I read that very quote. “Yes – but parents are ignorant”.

It was made by a Scottish Government Minister, spoken to David.

It came about because David challenged this particular Governmental official to allow him
to address a group of Scottish parents as to the whooie (aka crap) that they are being
fed by the Government, the School System and now by even many in “the Church” regarding everything from
gender identification to sexual orientation…
with such indoctrination starting at the ripe old age of 5 and 6.

According to David:“Not just Christians and Muslims, but many other parents who are fed up
of their children being sacrificed to the whims of a progressive establishment who don’t
give a fig for the poor and the weak –
and seem concerned only with protecting their own position.”

And so now it seems that a local (Scottish) Church vicar has come under fire for simply citing
one of David’s articles in this vicar’s weekly column in his church’s news flyer.

A media outlet got wind of the ‘blasphemy’ and in true form, without any sort of true
journalistic investigation, offered up an article damning the vicar for quoting from
an article offered by the Wee Flea blog.

Well.

Since I quote from The Wee Flea all the time, I suppose that makes me persona non grata–
but of course, I am but a retired educator and not a person of the cloth, or of any real importance…
just a person who happens to keep a little blog—- so I think I’m good.

But my point is that not all are…’good’
And perhaps we should use the word ‘safe’ versus good.

Not all who speak the Truth of God’s word, not man’s rewritten version of such
but the true Word, are safe from the mob of progressivism or
safe from the self-appointed PC police.

David offers these kind words to this now wrongly maligned vicar.

“Simply abusing those who assert these views,
rather than having an intelligent and informed discussion is not helpful.
As someone who has faced the Twitter mob when you dare to blaspheme the new authoritarian State doctrines–
I can only empathise with my Anglican brother, praise him for his courageous stand…and stand with him.

Brother – you will win.
Not because you have political power –
but because you belong to the One before whom, one day, every politician will bow –
and give account for what they have done with their power…

Please find David’s article below by clicking on the link below.
Perhaps I should add the disclaimer that…if you are not afraid to click, read or like…
because you are not afraid of The Truth.

Vicar ‘under Investigation’ for Quoting The Wee Flea!

a face of perseverance

“The most deadly poison of our time is indifference.
And this happens although the praise of God should know no limits.
Let us strive, therefore, to praise him to the greatest extent of our powers.”

St. Maximilian Kolbe


(poor Percy, not a happy camper—his home for the next 12 weeks / Julie Cook / 2019)

“If, then, we wish to persevere and to be saved—-for no one can be saved without perseverance—-
we must pray continually.
Our perseverance depends, not on one grace,
but on a thousand helps which we hope to obtain from God during our whole lives,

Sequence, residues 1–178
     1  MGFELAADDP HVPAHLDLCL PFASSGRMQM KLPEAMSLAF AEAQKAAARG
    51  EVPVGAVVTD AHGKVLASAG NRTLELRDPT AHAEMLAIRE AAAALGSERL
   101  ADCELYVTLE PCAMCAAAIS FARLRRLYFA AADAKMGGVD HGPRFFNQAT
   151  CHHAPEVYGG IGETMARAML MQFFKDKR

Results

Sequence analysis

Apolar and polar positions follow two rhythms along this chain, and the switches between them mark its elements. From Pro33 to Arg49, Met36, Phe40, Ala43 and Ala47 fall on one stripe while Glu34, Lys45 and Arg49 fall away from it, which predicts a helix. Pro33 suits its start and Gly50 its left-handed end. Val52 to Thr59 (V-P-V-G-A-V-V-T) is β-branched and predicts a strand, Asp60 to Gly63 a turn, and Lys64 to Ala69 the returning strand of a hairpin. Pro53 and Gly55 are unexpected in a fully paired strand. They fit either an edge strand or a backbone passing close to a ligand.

that we may be preserved in his grace.
Now, to this chain of graces a chain of prayers on our part must correspond:
without these prayers, God ordinarily does not grant his graces.
If we neglect to pray, and thus break the chain of prayers,
the chain of graces shall also be broken, and we shall lose the grace of perseverance.”

St. Alphonsus Liguori, p. 201
An Excerpt From
The Sermons of St. Alphonsus Liguori


(a moment of freedom and reprieve from the dreaded cone / Percy / Julie Cook /2019)

Confession, good for the soul? Actually, more like the saving of the soul.

“Confession heals, confession justifies, confession grants pardon of sin.
All hope consists in confession.
In confession, there is a chance for mercy.
Believe it firmly,
do not doubt,
do not hesitate,
never despair of the mercy of God.”

St. Isidore of Seville


(one of the many confessionals inside of St. Peter’s Bascillica / Rome, Itlay / Julie Cook / 2018)

Confession, it is said, is good for the soul.

And I must say, I agree.

Confession comes readily to some.
For others, not so much.

It can be the swallowing of one’s pride, position or place.

To confess is to become less than the ego, less than self…
it means to become humble before all or simply before God…but most likely before both.

It is the ability to admit wrongdoing or a habitual shortcoming.

It is often hard and difficult and yet, it is so utterly obvious.

Mercy rests in confession, as well as Grace.

May we seek Mercy.

May we seek Grace

“When we are living in the world, we can easily take on the mindset of a secular society.
It is important for us to cultivate in our lives, with great care,
God’s way of looking at things and life in general.
His Word guides us.”

Rev. Thomas J. Donaghy, p. 22
An Excerpt From
Inspirational Thoughts for Everyday

one day, we shall see…

“At the end of our life, we shall be judged by charity.”
St. Paul of the Cross


(Getty Image)

“How great is the sweetness which a soul experiences, when, in the time of prayer, God,
by a ray of his own light, shows to her his goodness and his mercies towards her,
and particularly the love which Jesus Christ has borne to her in his passion!
She feels her heart melting, and, as it were, dissolved through love.

But in this life we do not see God as he really is: